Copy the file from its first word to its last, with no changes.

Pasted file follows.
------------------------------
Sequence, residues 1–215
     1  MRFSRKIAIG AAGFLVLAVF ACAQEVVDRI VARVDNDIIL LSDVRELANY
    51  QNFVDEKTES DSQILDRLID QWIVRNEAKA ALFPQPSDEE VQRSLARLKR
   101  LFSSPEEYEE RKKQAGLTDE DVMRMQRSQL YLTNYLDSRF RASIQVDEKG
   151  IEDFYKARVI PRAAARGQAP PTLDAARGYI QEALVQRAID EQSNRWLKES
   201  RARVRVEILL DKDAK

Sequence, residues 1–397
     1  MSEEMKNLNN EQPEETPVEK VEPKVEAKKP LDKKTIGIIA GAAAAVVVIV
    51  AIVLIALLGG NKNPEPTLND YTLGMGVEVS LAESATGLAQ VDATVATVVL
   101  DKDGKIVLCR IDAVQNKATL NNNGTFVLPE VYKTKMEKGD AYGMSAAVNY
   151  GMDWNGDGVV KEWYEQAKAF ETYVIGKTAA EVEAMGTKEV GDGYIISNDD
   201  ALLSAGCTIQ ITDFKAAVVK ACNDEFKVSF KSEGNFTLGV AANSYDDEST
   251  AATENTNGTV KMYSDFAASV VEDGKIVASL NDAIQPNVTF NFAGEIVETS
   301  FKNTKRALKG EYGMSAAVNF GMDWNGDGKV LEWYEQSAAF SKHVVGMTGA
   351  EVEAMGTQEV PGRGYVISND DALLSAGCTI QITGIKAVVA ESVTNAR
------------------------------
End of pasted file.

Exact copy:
Sequence, residues 1–215
     1  MRFSRKIAIG AAGFLVLAVF ACAQEVVDRI VARVDNDIIL LSDVRELANY
    51  QNFVDEKTES DSQILDRLID QWIVRNEAKA ALFPQPSDEE VQRSLARLKR
   101  LFSSPEEYEE RKKQAGLTDE DVMRMQRSQL YLTNYLDSRF RASIQVDEKG
   151  IEDFYKARVI PRAAARGQAP PTLDAARGYI QEALVQRAID EQSNRWLKES
   201  RARVRVEILL DKDAK

Sequence, residues 1–397
     1  MSEEMKNLNN EQPEETPVEK VEPKVEAKKP LDKKTIGIIA GAAAAVVVIV
    51  AIVLIALLGG NKNPEPTLND YTLGMGVEVS LAESATGLAQ VDATVATVVL
   101  DKDGKIVLCR IDAVQNKATL NNNGTFVLPE VYKTKMEKGD AYGMSAAVNY
   151  GMDWNGDGVV KEWYEQAKAF ETYVIGKTAA EVEAMGTKEV GDGYIISNDD
   201  ALLSAGCTIQ ITDFKAAVVK ACNDEFKVSF KSEGNFTLGV AANSYDDEST
   251  AATENTNGTV KMYSDFAASV VEDGKIVASL NDAIQPNVTF NFAGEIVETS
   301  FKNTKRALKG EYGMSAAVNF GMDWNGDGKV LEWYEQSAAF SKHVVGMTGA
   351  EVEAMGTQEV PGRGYVISND DALLSAGCTI QITGIKAVVA ESVTNAR